After I stopped laughing hysterically, I assured her that he was not losing his mind, he simply had an early morning meeting and was dressing the part. Period. She took a deep breath and I watched the color come back to her cheeks and her eyes return to their normal size. 

Hopefully, those pressed khakis and button-down oxford shirts will be making their way out of the closet more and more often over the next couple of weeks. And then, we'll have another norm to contend with at our house. I anxiously await that day (as does my dry cleaner.)

Tuesday, November 25, 2008

Move Over Harry Potter...

Apparently a lot of people are asking my husband if I work outside of the home. Or if I have any plans of finding work outside of the home. No and yes, respectively.

Before the layoff, I was a Trophy Wife whose duties included managing domestic operations at the Reid residence. But before I wore that crown, I did work outside of the home and will gladly return if that's what's best for my family.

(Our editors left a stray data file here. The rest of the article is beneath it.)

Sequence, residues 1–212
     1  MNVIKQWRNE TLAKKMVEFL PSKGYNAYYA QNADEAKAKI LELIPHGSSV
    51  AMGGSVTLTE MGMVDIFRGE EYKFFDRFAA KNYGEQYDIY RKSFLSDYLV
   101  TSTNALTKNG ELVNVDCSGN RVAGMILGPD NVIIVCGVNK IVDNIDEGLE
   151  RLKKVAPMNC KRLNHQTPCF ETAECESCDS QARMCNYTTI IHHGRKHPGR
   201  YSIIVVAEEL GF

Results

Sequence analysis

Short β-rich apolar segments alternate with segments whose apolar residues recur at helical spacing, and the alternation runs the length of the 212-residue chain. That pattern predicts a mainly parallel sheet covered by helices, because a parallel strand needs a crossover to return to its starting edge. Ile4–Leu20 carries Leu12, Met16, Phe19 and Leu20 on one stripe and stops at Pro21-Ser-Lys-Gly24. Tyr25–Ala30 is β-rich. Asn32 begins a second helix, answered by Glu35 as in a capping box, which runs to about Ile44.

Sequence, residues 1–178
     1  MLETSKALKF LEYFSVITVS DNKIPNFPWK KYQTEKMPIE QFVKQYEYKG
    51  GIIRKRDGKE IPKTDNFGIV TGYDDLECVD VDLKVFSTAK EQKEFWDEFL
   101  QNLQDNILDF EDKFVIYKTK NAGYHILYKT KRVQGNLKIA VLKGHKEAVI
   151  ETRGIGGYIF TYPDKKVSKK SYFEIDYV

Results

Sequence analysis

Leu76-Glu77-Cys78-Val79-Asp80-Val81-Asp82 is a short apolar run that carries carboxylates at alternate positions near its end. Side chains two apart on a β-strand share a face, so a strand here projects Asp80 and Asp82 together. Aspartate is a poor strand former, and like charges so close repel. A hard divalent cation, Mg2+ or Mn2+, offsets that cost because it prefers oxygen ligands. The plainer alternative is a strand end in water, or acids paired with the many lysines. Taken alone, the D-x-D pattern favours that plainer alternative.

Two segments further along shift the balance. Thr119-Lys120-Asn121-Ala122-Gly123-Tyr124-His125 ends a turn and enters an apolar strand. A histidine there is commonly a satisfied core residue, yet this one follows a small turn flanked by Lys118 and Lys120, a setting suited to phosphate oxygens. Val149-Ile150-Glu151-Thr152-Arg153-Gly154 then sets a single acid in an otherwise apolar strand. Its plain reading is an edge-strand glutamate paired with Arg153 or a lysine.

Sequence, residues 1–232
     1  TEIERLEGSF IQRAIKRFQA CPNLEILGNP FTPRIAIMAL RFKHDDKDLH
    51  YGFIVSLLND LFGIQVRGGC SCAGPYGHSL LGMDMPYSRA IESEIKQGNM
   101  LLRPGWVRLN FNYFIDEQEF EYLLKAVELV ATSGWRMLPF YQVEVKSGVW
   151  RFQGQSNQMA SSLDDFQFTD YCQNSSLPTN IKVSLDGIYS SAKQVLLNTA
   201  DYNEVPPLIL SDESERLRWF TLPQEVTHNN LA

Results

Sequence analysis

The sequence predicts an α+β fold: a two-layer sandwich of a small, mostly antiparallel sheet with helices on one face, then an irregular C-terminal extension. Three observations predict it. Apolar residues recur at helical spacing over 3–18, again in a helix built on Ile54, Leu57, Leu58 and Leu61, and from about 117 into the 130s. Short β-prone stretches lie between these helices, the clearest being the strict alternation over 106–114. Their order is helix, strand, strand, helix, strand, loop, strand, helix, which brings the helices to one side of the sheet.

So what would I do? Would I return to sales? Or would I go back a little further to my marketing roots? Or perhaps finally put my B.S. in Accountancy to good use and manage somebody's books? To be perfectly honest, none of those things really appeal to me. But, I would love to write a book.

I told my husband that if I put my mind to it, perhaps I could write a NY Times best seller and then he could forget about a job search. He was quick to point out that very few authors are millionaires, but he did say that if I followed in the footsteps of J.K. Rowling, we'd be all set. 

The only problem is, I don't have a very good imagination. I could never come up with a character like Harry Potter. My forte is simply observing my surroundings and then writing about it from my point of view. If I were to write a book, it wouldn't really be about anything in particular. Seinfeld was the "show about nothing"; my book would be the "book about nothing." 

But perhaps I could turn this blog into a book. In a few months, I'll have plenty of good material. And if I can get my husband to put a science fiction spin on his job search, I could easily write about it. If he plays his cards right, he could be the next Harry Potter, and I, the next J.K. Rowling.